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Saturday, August 27 2016 @ 10:05 AM CDT

Episode 786 - Fast Pass Theories

PodcastEpisode 786 is now available for download.

Presented by:

Questions can be emailed to questions@wdwtoday.com or use this form

Show Notes

Hosts: Matt Hochberg, Mike Scopa, Mike Newell, Fred Hazelton, & Annette Owens

  • Fast Pass Theories

  • Today, the panel discusses Disney's Fast Pass system and is it working, and what the parks would be like without it.

Running Time: 26:00
Episode 786 - Fast Pass Theories | 18 comments | Create New Account
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Episode 786 - Fast Pass Theories
Authored by: frandog on Thursday, October 14 2010 @ 10:46 PM CDT
In my opinion, fastpass, universal express, etc are GREAT if you are using it and AWFUL if you are waiting in the standby line watching the attendant letting 20 people in the fastpass line enter the loading zone before you. The best fastpass type perk is Universal giving unlimited express acess to its hotel guests. Sure it would be tough for Disney to do this as it has more guests, but there is nothing better than going to the front of the line AND NOT HAVING TO BACKTRACK!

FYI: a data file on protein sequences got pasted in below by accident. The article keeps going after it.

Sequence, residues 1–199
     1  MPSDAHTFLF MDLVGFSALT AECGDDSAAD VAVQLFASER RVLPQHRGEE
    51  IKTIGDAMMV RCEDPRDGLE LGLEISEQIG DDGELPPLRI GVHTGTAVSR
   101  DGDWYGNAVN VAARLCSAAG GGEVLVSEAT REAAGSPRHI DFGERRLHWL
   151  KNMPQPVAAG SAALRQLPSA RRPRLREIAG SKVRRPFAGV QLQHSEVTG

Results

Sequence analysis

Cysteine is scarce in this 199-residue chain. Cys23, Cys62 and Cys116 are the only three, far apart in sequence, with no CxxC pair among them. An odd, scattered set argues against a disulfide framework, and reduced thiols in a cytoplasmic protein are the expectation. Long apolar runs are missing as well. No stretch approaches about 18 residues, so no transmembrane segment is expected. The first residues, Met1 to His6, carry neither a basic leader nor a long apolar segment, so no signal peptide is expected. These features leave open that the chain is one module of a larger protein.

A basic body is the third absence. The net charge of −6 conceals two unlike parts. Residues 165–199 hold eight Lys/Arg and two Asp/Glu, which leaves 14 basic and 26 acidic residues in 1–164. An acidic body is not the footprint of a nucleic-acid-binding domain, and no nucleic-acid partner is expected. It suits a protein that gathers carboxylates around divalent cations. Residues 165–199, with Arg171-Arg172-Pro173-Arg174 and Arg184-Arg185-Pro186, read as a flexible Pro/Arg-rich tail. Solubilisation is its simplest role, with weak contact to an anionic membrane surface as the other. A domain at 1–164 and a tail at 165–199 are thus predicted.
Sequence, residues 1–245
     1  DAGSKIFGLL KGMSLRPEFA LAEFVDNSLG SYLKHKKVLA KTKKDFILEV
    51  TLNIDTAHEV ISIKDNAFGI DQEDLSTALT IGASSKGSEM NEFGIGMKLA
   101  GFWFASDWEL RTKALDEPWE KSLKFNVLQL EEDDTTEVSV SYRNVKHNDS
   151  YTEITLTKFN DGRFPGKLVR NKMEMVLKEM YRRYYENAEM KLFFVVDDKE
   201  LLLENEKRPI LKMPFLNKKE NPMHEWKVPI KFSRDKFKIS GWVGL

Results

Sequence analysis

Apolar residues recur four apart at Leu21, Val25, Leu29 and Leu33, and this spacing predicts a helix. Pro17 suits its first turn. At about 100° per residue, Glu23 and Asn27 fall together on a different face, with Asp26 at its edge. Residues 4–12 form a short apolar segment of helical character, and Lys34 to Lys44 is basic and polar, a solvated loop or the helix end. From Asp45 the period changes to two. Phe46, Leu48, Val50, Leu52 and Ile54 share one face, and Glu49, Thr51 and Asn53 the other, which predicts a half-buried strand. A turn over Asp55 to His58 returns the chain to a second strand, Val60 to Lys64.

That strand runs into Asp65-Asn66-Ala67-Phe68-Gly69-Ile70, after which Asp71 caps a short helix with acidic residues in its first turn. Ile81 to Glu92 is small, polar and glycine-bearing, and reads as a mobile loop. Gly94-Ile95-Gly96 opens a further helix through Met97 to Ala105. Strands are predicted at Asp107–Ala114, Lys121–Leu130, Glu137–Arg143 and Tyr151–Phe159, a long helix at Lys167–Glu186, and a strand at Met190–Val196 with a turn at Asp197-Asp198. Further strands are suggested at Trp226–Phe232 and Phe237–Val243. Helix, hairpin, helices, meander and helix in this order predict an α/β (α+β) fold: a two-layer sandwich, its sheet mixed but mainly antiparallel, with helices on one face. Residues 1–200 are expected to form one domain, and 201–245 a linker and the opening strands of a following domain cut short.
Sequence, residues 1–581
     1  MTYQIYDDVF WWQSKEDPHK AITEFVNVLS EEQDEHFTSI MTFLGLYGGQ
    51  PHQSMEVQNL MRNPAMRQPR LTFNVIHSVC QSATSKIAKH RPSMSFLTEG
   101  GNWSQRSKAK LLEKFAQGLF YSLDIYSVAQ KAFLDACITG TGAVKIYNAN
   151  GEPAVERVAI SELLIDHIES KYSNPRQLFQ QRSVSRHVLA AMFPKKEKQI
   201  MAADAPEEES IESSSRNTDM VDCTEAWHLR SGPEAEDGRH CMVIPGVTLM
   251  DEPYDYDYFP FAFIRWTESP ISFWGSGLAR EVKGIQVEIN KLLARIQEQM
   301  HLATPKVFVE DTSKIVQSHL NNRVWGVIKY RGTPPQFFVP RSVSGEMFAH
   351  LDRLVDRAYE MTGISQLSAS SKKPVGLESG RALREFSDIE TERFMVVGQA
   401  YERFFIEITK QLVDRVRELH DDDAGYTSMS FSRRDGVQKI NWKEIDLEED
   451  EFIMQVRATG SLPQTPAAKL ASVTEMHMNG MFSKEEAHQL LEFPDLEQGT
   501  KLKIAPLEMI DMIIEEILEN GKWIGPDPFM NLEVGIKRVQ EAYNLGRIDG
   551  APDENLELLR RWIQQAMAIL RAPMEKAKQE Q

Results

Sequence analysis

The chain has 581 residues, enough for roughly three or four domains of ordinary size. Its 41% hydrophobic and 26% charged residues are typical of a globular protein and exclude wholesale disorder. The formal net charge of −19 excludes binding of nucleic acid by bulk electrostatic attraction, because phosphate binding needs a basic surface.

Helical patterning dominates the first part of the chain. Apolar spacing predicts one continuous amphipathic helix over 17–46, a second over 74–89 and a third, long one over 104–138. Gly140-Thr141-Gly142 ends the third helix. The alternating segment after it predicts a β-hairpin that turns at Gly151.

Episode 786 - Fast Pass Theories
Authored by: Brian on Friday, October 15 2010 @ 07:46 AM CDT
I think whomever came up with the idea of FastPass should get the Nobel Peace Prize. It's done a lot to save families from fighting with one another!

Besides unfairly shutting out local guests, Mike Newell's idea of paying for a premium FP or FP being available only to resort guests misses the point of why Disney instituted FP in the first place. If you're not waiting in line, you can be doing something else, like spending money in Disney! :) You can be visiting another attraction, but you can also be grabbing some food or a drink, buying a souvenir, etc. Limiting FP only to a segment of guests would work against what Disney wants guests freed up to do.

Episode 786 - Fast Pass Theories
Authored by: Kfischler on Friday, October 15 2010 @ 10:22 AM CDT
I like the current FP system. We have used it in both WDW and DLR and rarely wait more than 20 minutes for an attraction during the summer. I like that you can use the pass anytime after your posted time so we can hold onto our FPs all day and use them when it best suits our touring plan. When we lived in Georgia, we had APs to Six Flags where we would have to buy a Q-bot if we wanted to ride many of the big rides. Disney's system is much better and guest friendly.
Episode 786 - Fast Pass Theories
Authored by: doc on Friday, October 15 2010 @ 11:16 AM CDT